– By Issy Anthony – Comment Sub-Editor

Relationships are a fundamental part of human nature. Romantic relationships, specifically, are shown to us constantly, from films and television, to advertising, to the relationships of members of a certain royal family. They’re something we grow up believing we need in order to live a fulfilled life. But there is a difference in the way they are portrayed to men and women, leading to a disparity in their pressure to be in one. 

Firstly, I must mention that I am writing this from a heterosexual perspective. This is for two reasons. The first is because quite a lot of this article will be based on experience, and this is the only experience I know, and I don’t want to assume anyone else’s. The second reason is that when there is a pressure from society to be in a relationship, it is largely pressure to be in a heterosexual relationship. This is because of society still not being as fluid as we would like, and also because of biological factors that I will come onto later. 

Ever since my 15th birthday, there has been one question that has remained on the lips of family and friends: the dreaded ‘Have you got a boyfriend?’ I remember one summer, on the annual holiday we took with two other families (one with boys similar to my age, one with older girls), I was asked this question again. The two older girls in one family had bought their boyfriends with them, and there seemed to be an overall feeling in the air that I should feel sad about this. I didn’t.   

When I was asked if I had a boyfriend yet (the key word here being yet), and I replied no, they suggested I get a practice one. I didn’t have to love him, they explained, it would just be so I knew what to do when I did actually have one I liked, and also so I would at least have one. Surprisingly, this was not the reaction my male friend of the same age got. He was viewed as playing the field, not settling for someone he wasn’t truly interested in, and just having fun. And this was completely accepted. 

Perhaps I should have made it clearer to my mother’s concerned friends that I did actually know boys and have a social life, but it didn’t feel like a clarification that needed to be made. They seemed genuinely worried for me, like my lack of a boyfriend reflected my social ability and desirability. And this right here is the problem. When a boy/man states that he is single, there doesn’t seem to be much backlash. While maybe his mother would like him to be in a relationship, everyone else seems content to allow him to live freely, and choose when he wants to commit.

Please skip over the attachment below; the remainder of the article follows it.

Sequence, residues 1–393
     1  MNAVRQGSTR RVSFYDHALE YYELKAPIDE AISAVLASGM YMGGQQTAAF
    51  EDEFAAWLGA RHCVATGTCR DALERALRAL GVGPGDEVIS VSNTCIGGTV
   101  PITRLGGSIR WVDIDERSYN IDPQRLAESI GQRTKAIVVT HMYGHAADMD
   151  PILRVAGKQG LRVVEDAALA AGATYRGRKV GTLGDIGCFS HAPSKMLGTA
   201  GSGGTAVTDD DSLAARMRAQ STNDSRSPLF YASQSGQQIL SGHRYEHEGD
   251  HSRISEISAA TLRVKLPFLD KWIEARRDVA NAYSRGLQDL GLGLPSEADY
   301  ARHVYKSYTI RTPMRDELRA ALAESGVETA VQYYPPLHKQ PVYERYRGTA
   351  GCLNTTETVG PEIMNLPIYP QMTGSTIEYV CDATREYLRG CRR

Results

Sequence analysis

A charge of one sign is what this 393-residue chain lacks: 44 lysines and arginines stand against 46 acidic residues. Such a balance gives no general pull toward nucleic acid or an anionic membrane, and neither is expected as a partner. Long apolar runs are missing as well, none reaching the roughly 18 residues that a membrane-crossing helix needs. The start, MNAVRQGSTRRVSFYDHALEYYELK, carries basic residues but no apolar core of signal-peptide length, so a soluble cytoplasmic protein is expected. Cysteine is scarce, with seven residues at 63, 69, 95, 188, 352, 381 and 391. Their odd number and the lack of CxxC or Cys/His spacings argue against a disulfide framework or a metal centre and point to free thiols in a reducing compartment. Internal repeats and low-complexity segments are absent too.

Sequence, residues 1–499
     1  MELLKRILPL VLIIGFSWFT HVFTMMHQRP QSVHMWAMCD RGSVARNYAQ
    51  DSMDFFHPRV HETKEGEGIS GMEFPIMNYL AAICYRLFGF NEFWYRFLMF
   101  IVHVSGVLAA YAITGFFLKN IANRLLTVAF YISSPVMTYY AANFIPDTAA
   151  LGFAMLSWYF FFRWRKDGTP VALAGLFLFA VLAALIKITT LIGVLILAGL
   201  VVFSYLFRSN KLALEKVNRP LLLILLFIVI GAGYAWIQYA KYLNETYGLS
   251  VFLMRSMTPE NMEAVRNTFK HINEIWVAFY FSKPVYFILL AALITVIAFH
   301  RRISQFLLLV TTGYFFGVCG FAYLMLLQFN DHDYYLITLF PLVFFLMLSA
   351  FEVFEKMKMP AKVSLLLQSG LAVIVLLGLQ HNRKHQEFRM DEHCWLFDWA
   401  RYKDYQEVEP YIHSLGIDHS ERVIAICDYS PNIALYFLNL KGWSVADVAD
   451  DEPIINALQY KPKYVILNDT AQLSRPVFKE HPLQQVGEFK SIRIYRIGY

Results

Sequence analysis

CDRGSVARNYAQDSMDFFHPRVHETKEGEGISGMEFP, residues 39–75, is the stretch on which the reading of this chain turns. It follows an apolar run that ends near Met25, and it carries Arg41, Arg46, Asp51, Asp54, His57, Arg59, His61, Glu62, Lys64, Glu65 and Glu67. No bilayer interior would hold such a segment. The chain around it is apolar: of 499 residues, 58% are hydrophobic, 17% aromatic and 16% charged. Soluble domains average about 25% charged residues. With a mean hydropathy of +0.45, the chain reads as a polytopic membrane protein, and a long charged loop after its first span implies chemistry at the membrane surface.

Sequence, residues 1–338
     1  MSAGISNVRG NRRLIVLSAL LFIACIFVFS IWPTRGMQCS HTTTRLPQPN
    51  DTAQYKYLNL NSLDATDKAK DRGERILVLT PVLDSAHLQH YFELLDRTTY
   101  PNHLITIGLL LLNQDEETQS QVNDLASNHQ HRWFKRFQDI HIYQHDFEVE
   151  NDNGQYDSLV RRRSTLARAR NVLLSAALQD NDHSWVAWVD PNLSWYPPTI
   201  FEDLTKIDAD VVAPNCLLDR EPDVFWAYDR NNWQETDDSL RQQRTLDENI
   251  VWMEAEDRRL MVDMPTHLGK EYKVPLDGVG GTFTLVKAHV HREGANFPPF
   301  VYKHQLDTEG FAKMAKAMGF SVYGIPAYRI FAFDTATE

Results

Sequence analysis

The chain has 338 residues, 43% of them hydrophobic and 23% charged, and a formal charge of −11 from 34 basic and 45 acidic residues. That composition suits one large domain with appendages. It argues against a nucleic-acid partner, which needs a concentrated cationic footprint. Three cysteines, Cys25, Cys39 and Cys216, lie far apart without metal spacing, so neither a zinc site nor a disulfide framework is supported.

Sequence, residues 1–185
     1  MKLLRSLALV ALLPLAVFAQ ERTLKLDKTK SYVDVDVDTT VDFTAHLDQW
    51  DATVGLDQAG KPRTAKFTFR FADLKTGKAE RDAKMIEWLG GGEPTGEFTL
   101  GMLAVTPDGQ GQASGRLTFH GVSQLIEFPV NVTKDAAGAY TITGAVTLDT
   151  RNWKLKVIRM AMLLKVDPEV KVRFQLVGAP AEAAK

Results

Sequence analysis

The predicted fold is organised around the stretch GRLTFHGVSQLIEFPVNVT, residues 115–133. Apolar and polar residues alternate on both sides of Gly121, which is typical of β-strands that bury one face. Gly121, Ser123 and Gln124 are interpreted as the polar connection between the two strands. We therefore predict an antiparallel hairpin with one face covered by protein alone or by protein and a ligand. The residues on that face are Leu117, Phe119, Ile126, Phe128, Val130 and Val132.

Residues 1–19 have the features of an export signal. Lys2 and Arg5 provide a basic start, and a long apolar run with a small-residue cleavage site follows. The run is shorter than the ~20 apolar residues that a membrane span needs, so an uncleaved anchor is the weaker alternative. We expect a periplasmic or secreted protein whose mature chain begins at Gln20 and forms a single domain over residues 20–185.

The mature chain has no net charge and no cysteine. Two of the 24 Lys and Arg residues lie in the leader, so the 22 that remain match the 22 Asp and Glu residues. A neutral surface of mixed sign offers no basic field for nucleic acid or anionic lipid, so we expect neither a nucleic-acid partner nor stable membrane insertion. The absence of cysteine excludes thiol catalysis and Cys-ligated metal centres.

Whereas with a woman, put simply, it’s seen as a failure. There must be something wrong with us to explain why we are not in a relationship, either we’re too bossy, or not attractive enough, or aren’t a serious candidate. I have never heard a male friend feel worried about not having a girlfriend. But I have heard many of my female friends worry if there is something wrong with them, or if they will ever get one.

Whatever the reason society has attached, why is it far more for women than men? I have a few ideas. The first is that we have always lived in a patriarchal society, so if there’s an excuse to make a woman feel less valid, you can bet we will. The second is biology (as I mentioned earlier). Women have the ‘biological clock’ that men don’t have, meaning since the beginning of humanity, women have always known that to reproduce, they must settle down and find a partner quickly, whereas men had, essentially, their whole lives to figure it out. If they wanted to be picky, then they could be picky. 

The third reason are the sexist standards of sexuality that we hold women to. Thanks to porn and advertising, the current popular idea of a sexually desirable women is somewhat unrealistic. We are shown images of a big bum, small waist, flat stomach, slender legs,  and long, glossy hair. Not to mention, we are expected to be practically hairless from the eyelashes down, and while I know some women who choose to do this, we have to be honest and admit that this is not the way our bodies were naturally made. There are many problems with this, but for the purpose of this article, I will zone in on one. This all takes effort. Hairlessness, a good physique, flattering clothes.

Women are expected to uphold these unrealistic beauty standards enforced on us, and only once she is in an established relationship can she finally reveal a more realistic self. While I’m not saying women do this only for men, it is enforced from a patriarchal standpoint, and I know many friends, myself included, who felt far less pressure to look perfect once we were in a relationship and felt we no longer we ‘advertising’ ourselves, as we no longer felt we were being viewed in such a superficial way.

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